I am writing a paper about a problem that involves solving a certain equation. The problem is that the solution is very long and there are a lot of terms. My question is: Is there a way to present the solution in an attractive manner instead of just typing the solution, which is about a page long? Also, would the fact that the solution is long and looks unattractive affect whether the paper get accepted or not?

## 1 Answer

This happens not just in mathematics but in many other disciplines as well: modeling of biological systems, for example, often involves a vast number of terms in the equations. The best approach that I have found for these sorts of situations is to look for the structure in the system and to build your presentation around that structure.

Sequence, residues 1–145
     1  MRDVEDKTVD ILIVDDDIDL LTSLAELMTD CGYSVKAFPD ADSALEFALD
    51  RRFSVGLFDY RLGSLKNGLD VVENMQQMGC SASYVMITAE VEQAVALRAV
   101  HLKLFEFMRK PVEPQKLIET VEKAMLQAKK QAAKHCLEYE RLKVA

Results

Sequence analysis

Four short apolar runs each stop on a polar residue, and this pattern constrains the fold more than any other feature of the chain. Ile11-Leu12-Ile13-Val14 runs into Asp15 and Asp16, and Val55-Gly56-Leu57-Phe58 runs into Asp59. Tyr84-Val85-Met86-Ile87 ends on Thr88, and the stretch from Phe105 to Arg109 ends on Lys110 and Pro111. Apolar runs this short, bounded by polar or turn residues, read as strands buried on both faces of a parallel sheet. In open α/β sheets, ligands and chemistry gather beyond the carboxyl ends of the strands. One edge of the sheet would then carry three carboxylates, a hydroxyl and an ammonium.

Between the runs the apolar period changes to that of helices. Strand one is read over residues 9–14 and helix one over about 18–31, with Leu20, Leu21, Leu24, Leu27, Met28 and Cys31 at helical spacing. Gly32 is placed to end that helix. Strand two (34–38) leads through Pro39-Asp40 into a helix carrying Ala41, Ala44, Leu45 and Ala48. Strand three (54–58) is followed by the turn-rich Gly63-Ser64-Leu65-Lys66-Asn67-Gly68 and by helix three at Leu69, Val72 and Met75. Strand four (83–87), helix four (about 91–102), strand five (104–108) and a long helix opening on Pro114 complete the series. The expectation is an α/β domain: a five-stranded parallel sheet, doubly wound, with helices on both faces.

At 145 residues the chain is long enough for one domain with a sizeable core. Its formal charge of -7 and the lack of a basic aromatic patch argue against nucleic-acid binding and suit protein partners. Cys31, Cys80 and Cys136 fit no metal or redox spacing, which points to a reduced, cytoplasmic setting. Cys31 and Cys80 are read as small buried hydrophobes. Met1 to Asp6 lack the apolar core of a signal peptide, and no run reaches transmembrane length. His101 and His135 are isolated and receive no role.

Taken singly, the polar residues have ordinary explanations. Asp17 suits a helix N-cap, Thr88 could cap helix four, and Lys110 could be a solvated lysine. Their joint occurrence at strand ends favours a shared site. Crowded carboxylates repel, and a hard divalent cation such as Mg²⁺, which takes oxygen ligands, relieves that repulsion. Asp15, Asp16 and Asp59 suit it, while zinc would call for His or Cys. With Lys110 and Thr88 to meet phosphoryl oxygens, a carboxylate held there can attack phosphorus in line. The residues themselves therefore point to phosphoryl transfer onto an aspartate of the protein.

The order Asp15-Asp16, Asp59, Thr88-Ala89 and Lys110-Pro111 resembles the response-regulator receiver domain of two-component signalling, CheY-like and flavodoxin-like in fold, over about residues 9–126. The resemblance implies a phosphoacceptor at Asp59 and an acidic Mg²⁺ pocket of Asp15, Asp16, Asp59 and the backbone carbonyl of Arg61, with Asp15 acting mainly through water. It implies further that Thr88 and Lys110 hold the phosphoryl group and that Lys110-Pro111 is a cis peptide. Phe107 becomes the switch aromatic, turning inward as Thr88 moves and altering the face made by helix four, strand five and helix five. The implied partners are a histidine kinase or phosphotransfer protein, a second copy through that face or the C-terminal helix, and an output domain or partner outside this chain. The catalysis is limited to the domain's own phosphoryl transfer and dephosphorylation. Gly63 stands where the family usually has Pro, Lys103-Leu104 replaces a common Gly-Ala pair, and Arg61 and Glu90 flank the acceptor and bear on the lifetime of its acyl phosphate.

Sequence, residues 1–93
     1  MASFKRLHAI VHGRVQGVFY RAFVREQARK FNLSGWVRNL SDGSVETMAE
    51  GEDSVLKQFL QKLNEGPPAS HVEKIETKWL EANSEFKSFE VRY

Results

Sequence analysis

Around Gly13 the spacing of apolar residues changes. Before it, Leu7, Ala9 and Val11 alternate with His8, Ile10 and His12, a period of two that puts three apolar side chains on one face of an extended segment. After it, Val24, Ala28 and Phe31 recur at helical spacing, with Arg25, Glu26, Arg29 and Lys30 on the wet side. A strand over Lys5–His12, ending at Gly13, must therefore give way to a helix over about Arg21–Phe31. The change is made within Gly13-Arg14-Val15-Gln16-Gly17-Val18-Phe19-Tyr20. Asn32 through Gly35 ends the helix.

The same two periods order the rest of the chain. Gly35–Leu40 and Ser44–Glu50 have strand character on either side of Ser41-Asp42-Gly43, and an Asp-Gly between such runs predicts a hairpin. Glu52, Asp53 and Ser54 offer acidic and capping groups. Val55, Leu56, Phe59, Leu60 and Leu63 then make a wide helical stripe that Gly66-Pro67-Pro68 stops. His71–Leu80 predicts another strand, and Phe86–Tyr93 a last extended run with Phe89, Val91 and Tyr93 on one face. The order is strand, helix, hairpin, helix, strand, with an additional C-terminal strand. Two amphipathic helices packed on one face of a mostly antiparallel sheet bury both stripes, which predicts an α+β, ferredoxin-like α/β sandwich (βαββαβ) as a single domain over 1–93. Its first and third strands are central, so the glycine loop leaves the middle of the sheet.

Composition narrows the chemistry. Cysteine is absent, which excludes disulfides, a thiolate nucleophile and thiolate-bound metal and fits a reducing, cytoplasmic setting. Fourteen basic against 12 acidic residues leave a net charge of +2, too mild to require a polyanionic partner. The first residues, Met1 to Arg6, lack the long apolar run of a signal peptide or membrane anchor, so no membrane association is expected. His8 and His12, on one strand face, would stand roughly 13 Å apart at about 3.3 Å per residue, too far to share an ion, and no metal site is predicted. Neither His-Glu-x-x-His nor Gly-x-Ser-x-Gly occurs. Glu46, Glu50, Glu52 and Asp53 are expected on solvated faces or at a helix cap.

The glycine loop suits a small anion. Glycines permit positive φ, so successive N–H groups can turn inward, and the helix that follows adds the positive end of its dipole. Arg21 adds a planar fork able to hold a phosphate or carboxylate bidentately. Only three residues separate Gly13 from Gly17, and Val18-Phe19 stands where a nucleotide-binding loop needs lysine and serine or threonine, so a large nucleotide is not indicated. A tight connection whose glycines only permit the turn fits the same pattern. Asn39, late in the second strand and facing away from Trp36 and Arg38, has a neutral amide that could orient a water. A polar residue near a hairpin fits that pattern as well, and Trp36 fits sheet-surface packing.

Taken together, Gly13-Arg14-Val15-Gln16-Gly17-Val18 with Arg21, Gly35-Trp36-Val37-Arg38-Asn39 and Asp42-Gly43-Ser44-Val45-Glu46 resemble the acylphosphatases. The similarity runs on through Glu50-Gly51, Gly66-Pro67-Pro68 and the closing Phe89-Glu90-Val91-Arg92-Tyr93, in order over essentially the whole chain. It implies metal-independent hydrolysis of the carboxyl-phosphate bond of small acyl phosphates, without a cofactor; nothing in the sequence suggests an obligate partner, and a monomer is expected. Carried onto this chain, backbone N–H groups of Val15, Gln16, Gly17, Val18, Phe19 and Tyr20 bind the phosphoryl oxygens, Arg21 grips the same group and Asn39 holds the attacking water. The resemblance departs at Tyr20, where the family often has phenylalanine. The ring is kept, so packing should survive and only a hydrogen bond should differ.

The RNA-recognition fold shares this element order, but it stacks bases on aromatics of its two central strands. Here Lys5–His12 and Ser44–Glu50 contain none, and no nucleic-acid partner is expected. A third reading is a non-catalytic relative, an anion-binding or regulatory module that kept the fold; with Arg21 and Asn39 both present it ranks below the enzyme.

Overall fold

In most cases that I have encountered, it is not true that there are simply a bazillion essentially unrelated terms. The true story of the equation, then, is not the expanded mathematical form but the process and relations that generate it. This opens up a number of approaches for factoring out the equations in order to make them more tractable to present, including:

- Abstracting sub-structures as variables (e.g., X^2+XY+Y^2, where X and Y are complex terms presented separately)
- Separating variables from parameters (e.g., a reaction network where each reaction uses one of several standard Hill equation models, with the parameters of the models presented in a table)

These sorts of factorings also lead to a much more informative and interesting presentation of the equation as well. In fact, the Big Equation itself may often end up being relegated to an appendix, where its page-busting form is of little concern.

There may be, of course, certain systems in which such factoring is impossible---and that fact is quite interesting and worth clear discussion!